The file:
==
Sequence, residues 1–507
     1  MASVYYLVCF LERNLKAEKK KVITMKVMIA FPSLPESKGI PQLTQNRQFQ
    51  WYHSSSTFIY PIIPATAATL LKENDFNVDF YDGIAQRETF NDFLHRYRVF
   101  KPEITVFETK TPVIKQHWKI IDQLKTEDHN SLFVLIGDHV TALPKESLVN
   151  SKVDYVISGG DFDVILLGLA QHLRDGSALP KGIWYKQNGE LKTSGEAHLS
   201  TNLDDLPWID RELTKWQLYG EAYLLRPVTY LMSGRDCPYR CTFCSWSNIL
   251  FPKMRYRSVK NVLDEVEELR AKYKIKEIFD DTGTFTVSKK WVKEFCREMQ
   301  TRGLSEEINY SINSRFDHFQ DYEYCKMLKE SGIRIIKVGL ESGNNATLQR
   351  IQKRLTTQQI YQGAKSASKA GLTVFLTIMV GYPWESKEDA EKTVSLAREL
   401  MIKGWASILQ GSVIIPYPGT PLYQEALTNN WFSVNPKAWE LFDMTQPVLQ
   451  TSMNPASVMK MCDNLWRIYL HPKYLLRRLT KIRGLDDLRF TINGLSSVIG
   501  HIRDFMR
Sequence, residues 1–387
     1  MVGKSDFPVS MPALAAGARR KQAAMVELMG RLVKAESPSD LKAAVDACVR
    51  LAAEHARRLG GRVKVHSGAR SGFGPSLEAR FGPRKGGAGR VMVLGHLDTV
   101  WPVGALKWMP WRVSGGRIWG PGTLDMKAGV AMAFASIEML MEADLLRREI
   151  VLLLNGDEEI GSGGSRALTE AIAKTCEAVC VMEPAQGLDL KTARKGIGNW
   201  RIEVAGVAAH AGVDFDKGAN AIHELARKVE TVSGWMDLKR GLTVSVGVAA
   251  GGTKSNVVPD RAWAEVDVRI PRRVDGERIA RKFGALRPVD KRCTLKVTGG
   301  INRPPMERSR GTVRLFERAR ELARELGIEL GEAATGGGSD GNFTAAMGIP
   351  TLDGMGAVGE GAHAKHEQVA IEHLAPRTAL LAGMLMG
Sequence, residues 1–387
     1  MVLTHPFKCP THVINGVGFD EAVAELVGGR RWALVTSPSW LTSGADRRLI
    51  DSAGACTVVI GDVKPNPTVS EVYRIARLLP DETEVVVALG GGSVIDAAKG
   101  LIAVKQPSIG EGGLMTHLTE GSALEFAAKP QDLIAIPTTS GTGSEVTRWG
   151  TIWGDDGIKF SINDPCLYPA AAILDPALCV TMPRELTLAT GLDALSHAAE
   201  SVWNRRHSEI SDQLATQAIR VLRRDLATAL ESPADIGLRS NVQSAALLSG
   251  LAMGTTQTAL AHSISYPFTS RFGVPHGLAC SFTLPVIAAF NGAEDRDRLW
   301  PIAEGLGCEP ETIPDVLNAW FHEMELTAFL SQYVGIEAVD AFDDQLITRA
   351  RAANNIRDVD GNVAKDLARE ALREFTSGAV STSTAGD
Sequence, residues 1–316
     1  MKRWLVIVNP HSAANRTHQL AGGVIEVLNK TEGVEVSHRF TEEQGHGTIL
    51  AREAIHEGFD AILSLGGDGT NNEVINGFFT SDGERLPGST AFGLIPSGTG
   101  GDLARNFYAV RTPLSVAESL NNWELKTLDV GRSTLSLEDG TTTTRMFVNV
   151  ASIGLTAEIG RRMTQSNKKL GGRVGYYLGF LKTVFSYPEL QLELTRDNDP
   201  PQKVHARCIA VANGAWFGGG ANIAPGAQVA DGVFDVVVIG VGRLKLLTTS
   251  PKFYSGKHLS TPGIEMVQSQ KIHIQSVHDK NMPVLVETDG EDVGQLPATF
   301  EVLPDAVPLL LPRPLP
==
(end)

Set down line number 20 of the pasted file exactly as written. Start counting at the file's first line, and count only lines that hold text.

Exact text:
   301  INRPPMERSR GTVRLFERAR ELARELGIEL GEAATGGGSD GNFTAAMGIP